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Remarriage? Tips for blending families

In a recent article by author, educator and divorce consultant Deborah Moskovitch, we are reminded that real life typically doesn’t follow the same happy-go-lucky storylines we see on television.  Where Mike and Carol Brady were able to enter second marriages and turn their separate families into one big happy bunch, real life is hardly that simple.

Sandy Shuler, a social worker and certified Canadian family educator in Calgary, says:

“Every family is unique in terms of the way it looks and the way it operates. Expecting that there is going to be an instant connection and bonding situation when there are children involved can lead to disappointment and challenges.  Just because the adults are thrilled about the idea of merging does not mean that the children are, so the adults need to go into the situation realistically with their eyes wide open.”

Shuler advises couples to act proactively, tackling issues before blending the family: “Prior to blending, go to a counselor and find out what the likely hot spots are going to be.”

Deborah Moskovitch suggests the following tips for blending families successfully:

Help kids adapt to the new family configuration. Children will belong to two households/families; but they need guidance to adjust to different sets of rules, expectations, and systems.

Bonding takes time. Don’t expect children to love and adore each other or your new partner right away. In some cases, the best thing is to work towards courtesy and respect.  Building caring relationships between children and their new step-parent/family is a process that requires time and patience.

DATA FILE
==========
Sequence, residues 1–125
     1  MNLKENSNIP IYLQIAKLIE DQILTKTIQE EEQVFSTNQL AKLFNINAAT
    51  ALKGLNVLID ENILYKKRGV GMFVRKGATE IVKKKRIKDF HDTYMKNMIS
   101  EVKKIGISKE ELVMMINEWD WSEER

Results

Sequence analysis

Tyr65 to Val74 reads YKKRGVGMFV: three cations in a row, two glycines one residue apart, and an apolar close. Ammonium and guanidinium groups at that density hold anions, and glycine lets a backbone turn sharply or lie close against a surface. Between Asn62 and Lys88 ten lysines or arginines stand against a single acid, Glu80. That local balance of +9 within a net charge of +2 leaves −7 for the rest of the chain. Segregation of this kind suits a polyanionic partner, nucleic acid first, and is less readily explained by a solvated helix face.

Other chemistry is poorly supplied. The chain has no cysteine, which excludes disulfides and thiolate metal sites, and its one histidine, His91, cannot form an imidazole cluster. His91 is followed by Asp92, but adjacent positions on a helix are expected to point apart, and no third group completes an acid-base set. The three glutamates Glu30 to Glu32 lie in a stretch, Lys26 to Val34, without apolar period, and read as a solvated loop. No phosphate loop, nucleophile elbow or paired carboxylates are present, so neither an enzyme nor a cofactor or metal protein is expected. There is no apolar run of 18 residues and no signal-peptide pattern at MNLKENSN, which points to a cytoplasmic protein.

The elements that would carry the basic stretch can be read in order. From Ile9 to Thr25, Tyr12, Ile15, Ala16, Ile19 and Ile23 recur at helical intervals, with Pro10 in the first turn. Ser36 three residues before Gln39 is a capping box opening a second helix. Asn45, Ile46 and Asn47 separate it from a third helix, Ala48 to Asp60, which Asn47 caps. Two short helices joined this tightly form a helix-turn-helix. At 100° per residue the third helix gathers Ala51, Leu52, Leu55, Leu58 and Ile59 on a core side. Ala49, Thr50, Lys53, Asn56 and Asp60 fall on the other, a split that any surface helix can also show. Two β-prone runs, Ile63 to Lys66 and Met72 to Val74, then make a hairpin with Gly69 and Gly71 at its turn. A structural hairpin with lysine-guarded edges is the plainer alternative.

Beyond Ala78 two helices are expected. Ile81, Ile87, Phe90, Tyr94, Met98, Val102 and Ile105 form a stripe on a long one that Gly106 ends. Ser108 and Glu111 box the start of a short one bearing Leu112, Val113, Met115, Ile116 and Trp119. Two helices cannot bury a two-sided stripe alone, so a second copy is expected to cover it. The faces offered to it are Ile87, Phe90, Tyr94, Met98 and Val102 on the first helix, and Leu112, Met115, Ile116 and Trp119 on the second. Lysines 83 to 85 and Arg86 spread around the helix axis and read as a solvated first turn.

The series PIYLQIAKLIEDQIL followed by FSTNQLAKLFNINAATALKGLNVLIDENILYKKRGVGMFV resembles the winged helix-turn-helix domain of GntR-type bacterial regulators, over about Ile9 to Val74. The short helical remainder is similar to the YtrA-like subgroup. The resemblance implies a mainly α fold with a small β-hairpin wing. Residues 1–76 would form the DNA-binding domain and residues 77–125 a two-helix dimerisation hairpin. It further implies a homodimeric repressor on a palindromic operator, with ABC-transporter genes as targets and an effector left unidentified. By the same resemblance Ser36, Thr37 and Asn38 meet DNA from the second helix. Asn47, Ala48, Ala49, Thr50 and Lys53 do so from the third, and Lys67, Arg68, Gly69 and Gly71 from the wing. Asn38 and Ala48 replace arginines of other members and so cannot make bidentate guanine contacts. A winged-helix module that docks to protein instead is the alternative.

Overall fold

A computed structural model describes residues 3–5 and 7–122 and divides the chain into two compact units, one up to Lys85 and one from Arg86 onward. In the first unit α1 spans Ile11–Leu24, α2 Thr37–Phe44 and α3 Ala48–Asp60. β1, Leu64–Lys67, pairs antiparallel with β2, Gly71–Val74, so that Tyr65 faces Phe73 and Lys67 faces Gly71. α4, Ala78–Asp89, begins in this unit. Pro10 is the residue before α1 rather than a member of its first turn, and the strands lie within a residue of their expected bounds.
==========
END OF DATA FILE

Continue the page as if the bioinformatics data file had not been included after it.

Be open to discussion. Creating opportunities for family discussions, problem-solving and negotiation helps children manage.

Prepare the family for change. Establishing new family patterns, rituals and traditions helps children feel a sense of belonging and shared memories.

Understand the new relationship. Clarifying roles, responsibilities and expectations in the blended family serves as a “road map” with strategies for building relationships and a solid framework for the family unit.

Develop a conflict resolution strategy. Conflict is a part of all families. Combined families have more complex and diverse needs and emotions in dealing with conflict; a solid conflict resolution model helps to address these issues.

Demonstrate your love. Children need reassurance that they are loved and are still a priority to their biological parent, as loyalty issues can arise in blended families.

Discipline your own, and step back for his. The general rule of thumb about discipline is that the biological parent is the one who guides the discipline for their own children when there are step-children living together.  But within one household the rules need to be consistently applied for all children who live there — there should never be two sets of rules.

The bottom line is that what ever you call it—a step family, blended family, combined family—it’s a newly reconfigured family unit. It takes time to bring this new family together, and it takes effort—just remember to resolve conflict, demonstrate love and find the fun.

For more information about Deborah Moskovitch, visit her website at

The Law Collaborative, bringing peace to the legal process.

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